THIS ARTICLE WAS ORIGINALLY PUBLISHED IN THE MARCH QUARTER EDITION OF THE CHAMBER OF COMMERCE MAGAZINE
Defamation is a publication to a third party of an untrue statement against a reputation exposing the claimant to hatred, contempt or ridicule in the eyes of right thinking members of society. It is governed by common law and statute under the Defamation Act 2013 and covers two areas, Slander (publication in a temporary form, e.g. by spoken word) and Libel (publication in permanent form, e.g. online or in print). Do the words given their ordinary and natural meaning damage the claimant’s reputation.
Slander requires: (1) Accusation, (2) Proof of special damage, (3) Identifiable individual(s), (4) Statement which causes someone to think less of the claimant.
Libel: (1) Anything that can be “recorded”, (2) Identifiable individual(s), (3) Statement which causes someone to think less of the claimant.
Under section 1 of the 2013 Act a statement if a claimant cannot establish “serious harm” to the claimant’s reputation, there is no defamation. In order for legal entities to bring an action for defamation, the serious financial loss must be evidenced.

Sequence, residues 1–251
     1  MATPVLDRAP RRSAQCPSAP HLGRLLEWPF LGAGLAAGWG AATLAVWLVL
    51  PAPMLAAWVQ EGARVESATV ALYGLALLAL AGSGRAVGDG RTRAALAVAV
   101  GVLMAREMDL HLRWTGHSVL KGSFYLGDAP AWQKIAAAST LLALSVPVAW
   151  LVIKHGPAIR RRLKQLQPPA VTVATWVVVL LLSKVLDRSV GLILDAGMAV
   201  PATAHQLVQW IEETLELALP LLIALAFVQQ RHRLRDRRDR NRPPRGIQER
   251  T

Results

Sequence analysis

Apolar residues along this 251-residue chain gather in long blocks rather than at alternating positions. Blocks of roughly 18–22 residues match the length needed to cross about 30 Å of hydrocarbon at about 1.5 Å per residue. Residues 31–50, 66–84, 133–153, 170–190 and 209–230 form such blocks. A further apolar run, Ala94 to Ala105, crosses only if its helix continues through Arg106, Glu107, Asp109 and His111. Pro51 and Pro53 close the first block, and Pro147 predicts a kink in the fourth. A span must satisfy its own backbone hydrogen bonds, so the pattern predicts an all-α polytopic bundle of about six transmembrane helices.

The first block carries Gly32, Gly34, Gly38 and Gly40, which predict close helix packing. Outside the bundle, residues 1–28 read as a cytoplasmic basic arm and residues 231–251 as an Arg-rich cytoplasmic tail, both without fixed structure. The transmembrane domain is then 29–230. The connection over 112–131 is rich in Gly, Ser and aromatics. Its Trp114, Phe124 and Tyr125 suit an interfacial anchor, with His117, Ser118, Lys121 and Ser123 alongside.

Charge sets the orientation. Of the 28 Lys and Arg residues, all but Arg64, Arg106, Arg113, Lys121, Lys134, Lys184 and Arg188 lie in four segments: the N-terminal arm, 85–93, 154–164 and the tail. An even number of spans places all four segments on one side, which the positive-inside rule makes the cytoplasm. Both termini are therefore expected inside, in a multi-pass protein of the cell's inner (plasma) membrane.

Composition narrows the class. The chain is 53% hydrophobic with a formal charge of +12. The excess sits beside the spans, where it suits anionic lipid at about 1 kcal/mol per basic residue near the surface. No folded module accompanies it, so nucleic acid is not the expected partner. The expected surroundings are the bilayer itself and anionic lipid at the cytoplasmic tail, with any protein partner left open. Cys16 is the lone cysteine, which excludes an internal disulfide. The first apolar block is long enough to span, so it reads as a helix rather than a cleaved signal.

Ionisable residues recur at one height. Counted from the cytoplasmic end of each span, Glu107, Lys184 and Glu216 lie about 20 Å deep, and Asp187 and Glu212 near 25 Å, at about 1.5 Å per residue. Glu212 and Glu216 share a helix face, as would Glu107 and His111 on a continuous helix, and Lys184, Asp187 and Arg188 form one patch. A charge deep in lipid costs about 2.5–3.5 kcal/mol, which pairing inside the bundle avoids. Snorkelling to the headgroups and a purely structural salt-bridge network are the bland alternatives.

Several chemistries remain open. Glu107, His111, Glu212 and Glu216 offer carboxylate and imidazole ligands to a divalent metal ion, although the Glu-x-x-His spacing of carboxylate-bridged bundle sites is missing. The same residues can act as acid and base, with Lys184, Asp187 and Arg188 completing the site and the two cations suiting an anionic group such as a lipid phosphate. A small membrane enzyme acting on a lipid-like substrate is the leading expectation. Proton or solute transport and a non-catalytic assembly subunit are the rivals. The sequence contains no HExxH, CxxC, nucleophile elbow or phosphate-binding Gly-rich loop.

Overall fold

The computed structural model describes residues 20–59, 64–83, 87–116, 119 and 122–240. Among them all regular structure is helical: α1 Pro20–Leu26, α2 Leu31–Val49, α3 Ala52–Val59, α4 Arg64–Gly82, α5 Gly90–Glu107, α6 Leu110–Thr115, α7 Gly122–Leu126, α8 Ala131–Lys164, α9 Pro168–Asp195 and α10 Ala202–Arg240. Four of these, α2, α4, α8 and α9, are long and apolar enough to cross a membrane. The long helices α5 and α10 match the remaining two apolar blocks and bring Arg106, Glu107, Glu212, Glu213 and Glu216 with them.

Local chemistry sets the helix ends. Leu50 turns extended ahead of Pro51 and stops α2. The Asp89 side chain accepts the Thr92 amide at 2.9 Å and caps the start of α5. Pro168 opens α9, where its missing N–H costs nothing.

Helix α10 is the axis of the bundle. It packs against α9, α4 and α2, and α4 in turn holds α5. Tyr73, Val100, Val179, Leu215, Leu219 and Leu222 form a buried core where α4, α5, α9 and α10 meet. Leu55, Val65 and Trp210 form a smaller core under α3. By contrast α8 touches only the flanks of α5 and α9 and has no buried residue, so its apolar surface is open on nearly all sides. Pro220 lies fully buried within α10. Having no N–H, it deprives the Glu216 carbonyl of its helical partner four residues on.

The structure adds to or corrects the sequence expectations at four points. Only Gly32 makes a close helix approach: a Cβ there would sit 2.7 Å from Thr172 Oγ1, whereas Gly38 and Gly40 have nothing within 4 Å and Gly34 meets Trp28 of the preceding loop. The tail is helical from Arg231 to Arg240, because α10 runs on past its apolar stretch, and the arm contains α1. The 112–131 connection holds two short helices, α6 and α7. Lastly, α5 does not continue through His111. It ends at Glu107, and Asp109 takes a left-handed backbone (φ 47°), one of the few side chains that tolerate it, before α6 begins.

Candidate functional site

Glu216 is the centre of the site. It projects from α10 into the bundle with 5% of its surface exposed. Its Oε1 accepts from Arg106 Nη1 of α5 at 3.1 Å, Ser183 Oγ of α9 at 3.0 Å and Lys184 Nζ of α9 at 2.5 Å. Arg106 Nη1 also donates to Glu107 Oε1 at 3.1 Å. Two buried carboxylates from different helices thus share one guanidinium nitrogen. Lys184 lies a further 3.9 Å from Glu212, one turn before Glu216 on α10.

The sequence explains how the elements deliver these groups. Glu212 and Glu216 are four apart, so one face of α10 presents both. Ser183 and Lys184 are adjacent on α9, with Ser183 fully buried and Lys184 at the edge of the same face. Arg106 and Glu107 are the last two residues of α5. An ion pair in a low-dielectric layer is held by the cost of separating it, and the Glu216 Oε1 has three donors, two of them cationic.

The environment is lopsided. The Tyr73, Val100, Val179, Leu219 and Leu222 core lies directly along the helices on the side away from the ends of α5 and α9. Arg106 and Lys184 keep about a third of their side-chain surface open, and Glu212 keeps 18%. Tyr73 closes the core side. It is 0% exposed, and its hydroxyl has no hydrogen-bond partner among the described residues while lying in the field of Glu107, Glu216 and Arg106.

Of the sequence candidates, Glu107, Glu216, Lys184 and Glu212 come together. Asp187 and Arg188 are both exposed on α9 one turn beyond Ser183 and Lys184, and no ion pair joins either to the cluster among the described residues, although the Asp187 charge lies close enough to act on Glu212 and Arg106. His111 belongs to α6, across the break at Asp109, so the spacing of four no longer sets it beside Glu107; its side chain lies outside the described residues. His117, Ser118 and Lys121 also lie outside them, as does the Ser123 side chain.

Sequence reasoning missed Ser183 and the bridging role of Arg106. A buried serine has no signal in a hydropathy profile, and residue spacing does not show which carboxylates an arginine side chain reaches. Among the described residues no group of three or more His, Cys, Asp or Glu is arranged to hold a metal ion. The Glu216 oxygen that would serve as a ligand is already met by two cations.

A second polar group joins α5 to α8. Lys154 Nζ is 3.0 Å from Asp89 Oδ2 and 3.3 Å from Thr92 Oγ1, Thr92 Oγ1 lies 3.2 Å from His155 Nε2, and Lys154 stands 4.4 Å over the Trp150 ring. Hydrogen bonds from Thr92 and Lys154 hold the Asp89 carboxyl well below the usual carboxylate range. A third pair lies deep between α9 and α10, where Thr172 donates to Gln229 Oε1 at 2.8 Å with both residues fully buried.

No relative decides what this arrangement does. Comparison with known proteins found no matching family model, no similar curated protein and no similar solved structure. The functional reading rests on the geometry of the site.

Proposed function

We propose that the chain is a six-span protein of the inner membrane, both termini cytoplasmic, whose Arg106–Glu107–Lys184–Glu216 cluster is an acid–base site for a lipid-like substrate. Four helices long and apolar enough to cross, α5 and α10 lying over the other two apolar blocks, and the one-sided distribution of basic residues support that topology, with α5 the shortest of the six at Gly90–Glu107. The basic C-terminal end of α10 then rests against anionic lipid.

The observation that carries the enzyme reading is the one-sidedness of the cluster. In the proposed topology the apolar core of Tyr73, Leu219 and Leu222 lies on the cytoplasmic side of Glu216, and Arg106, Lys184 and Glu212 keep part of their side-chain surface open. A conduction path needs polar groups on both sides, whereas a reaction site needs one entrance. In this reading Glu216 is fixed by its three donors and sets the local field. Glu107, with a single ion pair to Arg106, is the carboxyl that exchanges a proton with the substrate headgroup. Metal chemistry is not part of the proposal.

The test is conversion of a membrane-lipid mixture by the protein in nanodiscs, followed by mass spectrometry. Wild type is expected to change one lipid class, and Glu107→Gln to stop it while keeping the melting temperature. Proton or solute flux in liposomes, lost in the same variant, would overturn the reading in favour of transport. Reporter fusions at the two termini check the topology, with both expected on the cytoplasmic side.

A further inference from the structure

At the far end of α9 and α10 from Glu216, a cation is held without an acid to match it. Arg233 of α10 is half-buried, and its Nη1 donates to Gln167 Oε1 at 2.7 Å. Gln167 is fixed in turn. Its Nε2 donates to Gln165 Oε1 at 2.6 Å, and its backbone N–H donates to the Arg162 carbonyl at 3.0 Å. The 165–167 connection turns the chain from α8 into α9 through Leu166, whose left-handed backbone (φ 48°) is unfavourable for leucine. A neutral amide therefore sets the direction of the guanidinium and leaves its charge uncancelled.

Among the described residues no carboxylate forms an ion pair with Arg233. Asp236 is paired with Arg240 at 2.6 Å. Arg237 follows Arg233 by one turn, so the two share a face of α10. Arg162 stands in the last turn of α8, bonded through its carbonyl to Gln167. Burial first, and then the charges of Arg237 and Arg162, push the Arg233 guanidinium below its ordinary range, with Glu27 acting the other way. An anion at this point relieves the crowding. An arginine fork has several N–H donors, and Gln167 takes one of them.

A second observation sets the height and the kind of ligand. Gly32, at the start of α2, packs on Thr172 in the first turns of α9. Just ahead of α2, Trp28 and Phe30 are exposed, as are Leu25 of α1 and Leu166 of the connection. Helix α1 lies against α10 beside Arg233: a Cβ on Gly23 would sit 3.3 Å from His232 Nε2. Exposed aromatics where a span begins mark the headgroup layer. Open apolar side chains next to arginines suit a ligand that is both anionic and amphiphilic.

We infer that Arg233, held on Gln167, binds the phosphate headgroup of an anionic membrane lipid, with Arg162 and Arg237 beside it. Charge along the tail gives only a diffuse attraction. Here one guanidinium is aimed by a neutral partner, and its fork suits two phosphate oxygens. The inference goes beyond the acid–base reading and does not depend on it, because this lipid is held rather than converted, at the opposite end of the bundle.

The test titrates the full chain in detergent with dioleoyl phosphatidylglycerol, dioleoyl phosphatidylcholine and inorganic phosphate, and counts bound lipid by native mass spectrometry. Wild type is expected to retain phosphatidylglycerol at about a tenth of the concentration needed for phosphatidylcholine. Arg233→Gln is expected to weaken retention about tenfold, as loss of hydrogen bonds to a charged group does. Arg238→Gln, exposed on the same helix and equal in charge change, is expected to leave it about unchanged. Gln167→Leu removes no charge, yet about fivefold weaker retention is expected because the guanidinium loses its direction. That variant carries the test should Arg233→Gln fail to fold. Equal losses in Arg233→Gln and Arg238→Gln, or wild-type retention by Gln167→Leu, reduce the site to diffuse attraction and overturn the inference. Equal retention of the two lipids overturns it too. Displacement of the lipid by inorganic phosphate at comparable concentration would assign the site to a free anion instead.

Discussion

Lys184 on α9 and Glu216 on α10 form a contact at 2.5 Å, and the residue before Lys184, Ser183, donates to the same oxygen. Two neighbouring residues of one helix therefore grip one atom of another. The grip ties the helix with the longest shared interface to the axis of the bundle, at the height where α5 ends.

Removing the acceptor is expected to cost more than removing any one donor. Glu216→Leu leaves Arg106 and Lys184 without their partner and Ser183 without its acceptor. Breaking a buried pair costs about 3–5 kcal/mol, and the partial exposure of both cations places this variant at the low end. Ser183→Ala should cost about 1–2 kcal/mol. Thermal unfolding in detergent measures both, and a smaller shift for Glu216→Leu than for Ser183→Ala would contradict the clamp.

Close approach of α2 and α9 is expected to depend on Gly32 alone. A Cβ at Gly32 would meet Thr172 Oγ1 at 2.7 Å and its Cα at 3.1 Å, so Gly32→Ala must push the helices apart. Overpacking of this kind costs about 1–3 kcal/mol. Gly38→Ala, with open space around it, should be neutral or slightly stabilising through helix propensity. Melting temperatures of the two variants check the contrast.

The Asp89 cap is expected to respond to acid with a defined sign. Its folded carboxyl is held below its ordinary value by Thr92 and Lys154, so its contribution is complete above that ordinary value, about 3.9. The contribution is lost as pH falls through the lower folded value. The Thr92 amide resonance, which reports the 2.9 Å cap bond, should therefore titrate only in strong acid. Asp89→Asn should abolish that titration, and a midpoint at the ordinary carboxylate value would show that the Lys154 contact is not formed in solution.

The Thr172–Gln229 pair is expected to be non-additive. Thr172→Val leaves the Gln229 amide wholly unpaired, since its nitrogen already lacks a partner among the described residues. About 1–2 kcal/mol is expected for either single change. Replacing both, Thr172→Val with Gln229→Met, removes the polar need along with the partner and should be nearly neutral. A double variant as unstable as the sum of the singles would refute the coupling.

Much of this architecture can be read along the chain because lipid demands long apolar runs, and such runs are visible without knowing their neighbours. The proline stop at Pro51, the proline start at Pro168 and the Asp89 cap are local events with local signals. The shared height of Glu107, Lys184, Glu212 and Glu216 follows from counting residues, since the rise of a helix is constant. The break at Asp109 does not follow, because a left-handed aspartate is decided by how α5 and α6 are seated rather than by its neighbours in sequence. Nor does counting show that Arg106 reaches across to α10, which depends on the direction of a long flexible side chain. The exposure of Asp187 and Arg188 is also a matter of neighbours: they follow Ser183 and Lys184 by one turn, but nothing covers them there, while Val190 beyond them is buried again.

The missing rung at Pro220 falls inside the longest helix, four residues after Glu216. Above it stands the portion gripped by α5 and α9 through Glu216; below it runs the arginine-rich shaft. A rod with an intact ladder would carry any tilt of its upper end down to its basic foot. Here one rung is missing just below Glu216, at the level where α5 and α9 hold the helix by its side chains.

Penalties include: Damages and Injunctions preventing further publication.
Any individual, class of individuals, legal entity (e.g. a company or charity but not a Governing or Political body), Trade Union may bring an action for defamation. Claimants have only one year from the date that the material surfaced to bring an action i.e. ASAP!
There are several defences, namely: Truth, Honest Opinion (previously known as “fair comment”), absolute and qualified Privilege, Public Interest, Innocent dissemination (covering those who are not the author, editor or publisher), Consent (including if the individual accepts an apology, and if one is an Operator of a website who did not post the content himself (unless he failed to remove the post when requested).
Jonathan Abrams is a Corporate and Media Law Partner at Gregory Abrams Davidson LLP. Contact Jonathan about Media Law legal matters at email@example.com or call 0151 236 5000
Also, please view our Brand and Reputation Management specialist business: Brand Asset Protect for further information about Reputation Management.